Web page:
Every 21 days, Jane had to go to a medical facility for chemotherapy, which was a physically painful experience for her as well as an emotionally painful one for her daughter. While Jane did not lose her nails like other chemotherapy patients, she lost her hair, which is another common side effect of that treatment. She also experienced pain, discomfort, nausea and vomiting. Her worst experience came on December 26, 2020, when she was rushed to hospital and taken to theatre because of her poor breathing. “I thought mummy would not make it out of theatre. However, by God’s grace, she was brought out alive.”

“The bad breathing with its associated challenges has continued and we feed her with a spoon. She mainly eats porridge and diluted Irish. Speaking and turning is still a problem. At some point, we see her improving but because of the damages on the lungs, her health suddenly changes any time. She has lost a lot of weight because of not eating well,” Grace shared. As her mother’s caretaker, she described her experience as very agonizing and traumatizing. 

Grace believes her mother’s case might not have been misdiagnosed initially as a thyroid issue had there been better medical facilities and more well-trained doctors. As a result, she wants the Ugandan government to introduce well-equipped cancer institutes with specialty doctors in all regional hospitals. She suggested that decentralization of cancer institutes would reduce the strain on the country’s main medical facility, Mulago Referral Hospital. Additionally, Grace underlined the importance of people seeking professional help as soon as possible if they notice any uncommon or persistent medical issues. As was the case with her mother, it might be more menacing than one might think, and early detection and diagnosis is the key to effective treatment.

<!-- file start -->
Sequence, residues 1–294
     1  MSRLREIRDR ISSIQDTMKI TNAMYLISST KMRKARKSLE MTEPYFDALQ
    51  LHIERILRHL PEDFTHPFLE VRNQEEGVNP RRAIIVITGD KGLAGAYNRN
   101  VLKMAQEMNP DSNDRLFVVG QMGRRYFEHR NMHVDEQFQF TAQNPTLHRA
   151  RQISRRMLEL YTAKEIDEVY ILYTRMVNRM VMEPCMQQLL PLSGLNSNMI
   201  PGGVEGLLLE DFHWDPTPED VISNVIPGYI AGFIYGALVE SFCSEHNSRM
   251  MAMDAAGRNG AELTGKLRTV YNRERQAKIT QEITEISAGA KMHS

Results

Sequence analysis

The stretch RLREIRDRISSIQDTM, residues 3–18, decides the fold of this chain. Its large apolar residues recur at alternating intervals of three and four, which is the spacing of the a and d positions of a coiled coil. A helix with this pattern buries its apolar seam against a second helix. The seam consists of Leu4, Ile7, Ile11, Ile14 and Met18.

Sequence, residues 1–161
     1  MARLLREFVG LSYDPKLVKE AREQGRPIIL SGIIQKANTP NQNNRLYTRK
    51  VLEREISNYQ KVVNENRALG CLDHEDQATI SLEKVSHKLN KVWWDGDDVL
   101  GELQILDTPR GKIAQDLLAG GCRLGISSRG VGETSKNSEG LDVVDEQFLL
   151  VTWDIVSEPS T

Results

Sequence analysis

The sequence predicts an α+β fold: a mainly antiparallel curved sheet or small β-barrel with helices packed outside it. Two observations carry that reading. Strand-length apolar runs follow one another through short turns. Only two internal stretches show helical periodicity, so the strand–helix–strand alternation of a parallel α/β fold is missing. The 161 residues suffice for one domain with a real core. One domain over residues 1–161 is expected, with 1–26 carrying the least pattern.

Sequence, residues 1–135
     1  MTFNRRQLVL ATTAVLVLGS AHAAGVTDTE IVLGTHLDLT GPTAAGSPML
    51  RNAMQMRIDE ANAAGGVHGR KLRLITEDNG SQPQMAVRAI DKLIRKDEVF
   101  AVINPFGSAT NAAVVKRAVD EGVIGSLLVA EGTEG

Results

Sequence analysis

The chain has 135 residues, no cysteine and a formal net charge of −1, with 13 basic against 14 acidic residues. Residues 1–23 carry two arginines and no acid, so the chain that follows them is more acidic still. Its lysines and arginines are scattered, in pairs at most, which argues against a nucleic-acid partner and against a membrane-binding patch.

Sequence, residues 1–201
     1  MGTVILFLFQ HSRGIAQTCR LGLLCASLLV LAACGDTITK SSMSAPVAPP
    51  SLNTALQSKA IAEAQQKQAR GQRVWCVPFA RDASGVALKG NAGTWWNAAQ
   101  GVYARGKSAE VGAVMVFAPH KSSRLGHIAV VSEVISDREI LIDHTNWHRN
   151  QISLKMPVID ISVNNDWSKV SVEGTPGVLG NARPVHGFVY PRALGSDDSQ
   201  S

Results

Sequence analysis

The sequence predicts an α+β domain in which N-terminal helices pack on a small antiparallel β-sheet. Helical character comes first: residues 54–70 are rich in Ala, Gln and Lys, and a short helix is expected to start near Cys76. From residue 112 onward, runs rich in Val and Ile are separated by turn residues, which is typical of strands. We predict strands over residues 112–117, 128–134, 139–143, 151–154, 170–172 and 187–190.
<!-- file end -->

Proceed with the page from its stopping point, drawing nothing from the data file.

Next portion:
It is also vital that the Ugandan government works towards making health services more accessible and affordable by all people. Finally, there is need for a mass sensitization both at the national and community level about different types of cancer and how they manifest. Open discussions about the disease might help lift the cloak of fear that prevents some people from seeking medical help even when they are experiencing symptoms. 

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Photo Credit: Shutterstock

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About Atim Desire Enah: I am interested in becoming a neurosurgeon. I enjoy reading Ben Carson’s books such as Gifted Hands. I also love writing. Last year the Daily Monitor, a local newspaper, published my article on COVID-19. In my free time, I enjoy jogging, watching cartoons and listening to gospel music.

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Opinions expressed in this article are those of the author and do not necessarily represent the views of the Commonwealth Youth Programme. Articles are published in a spirit of dialogue, respect and understanding. If you disagree, why not submit a response?
To learn more about becoming a Commonwealth Correspondent please visit: http://www.yourcommonwealth.org/submit-articles